I don't know how far you are trying to move the pitch of the input signal, but chorus doesn't need much. Also remember that when the chorus is "speeding the signal up" (or slowing it), it is really altering the effective sample rate. This can affect aliasing. Also be careful to properly handle the wrap at the ends of the delay line.

One of the things I do often is to test implementations using my PC. I write a C implementation that generates a .wav file so I can listen as well as see the waveform using Audacity. When I've wanted to do something like a chorus effect, I write the program to use single precision floating point. That is a starting point. I make that work perfectly, and then translate the algorithm from float to fixed point. Once working in the PC it's easy to port to something like a dsPIC.

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VA1



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PostPosted: Thu Aug 30, 2018 3:26 am    Post subject: Reply with quote  Mark this post and the followings unread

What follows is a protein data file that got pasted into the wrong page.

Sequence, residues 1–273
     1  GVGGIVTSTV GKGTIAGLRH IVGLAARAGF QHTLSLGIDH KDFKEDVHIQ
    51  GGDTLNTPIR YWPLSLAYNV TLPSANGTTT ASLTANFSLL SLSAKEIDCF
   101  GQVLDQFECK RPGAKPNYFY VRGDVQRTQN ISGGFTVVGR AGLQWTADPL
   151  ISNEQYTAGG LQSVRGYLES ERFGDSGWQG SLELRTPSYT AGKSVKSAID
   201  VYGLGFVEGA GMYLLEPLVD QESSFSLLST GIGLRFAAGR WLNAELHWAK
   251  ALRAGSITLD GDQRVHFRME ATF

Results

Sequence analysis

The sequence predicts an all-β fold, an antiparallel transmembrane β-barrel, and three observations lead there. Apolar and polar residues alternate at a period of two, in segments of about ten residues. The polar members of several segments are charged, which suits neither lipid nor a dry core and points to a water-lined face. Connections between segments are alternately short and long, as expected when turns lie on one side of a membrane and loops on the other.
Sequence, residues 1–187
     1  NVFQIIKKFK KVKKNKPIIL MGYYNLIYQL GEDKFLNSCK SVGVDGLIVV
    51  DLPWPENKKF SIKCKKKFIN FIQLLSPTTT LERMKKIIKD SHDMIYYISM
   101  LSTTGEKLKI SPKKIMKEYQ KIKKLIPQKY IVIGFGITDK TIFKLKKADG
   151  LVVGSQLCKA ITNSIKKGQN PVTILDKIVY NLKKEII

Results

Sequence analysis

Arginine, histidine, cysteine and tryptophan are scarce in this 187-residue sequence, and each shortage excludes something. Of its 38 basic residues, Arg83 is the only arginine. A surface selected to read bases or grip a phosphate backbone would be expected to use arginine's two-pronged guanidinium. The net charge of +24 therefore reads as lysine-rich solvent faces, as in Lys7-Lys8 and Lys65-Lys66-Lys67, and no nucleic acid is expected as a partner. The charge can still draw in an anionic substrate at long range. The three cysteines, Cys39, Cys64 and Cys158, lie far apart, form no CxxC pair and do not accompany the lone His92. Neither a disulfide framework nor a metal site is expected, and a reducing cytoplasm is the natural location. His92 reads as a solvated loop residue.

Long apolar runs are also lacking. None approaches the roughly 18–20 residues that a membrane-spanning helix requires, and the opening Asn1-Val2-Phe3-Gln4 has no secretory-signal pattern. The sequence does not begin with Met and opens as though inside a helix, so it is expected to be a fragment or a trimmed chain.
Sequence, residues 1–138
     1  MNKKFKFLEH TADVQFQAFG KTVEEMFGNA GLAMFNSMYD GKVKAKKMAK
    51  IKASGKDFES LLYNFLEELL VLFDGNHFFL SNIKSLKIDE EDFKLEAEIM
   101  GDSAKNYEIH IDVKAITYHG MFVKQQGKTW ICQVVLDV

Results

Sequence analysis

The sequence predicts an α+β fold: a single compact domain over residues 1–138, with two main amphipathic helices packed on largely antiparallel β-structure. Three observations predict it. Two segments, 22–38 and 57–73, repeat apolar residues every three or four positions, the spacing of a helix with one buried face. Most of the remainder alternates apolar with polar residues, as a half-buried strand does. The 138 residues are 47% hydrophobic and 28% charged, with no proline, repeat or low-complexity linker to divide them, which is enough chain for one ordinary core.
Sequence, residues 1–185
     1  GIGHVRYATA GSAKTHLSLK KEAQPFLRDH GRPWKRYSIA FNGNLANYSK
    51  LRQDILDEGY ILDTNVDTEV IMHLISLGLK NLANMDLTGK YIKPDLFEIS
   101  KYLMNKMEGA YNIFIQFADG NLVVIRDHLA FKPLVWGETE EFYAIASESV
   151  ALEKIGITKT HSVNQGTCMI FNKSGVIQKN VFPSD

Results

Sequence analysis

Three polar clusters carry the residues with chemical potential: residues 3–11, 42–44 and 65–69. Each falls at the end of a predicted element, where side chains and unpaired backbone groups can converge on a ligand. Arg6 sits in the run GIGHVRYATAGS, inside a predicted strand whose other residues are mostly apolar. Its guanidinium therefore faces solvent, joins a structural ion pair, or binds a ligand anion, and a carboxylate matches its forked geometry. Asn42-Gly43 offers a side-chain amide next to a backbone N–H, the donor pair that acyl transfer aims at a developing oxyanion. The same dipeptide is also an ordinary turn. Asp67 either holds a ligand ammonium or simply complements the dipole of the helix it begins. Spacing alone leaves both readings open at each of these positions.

Thanks, i fixed it.
Only it cost to much CPU for the extra read + interpolation.

The sound is good now, a little bit metal like sound, no crackling.
This chorus is really pushing the limits,
you can hear the DAC is resetting to centerpoint sometimes.
Also i hangs when there is no time for other interrupts/main loop.

I had a small problem with different code wich set the effect filter output to zero to avoid IIR noises.
Normally with floats i denormal them, here its different with integers.
So its 14 bit interpolated now.

Now i really need some small ASM that has better results somewhere.
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JovianPyx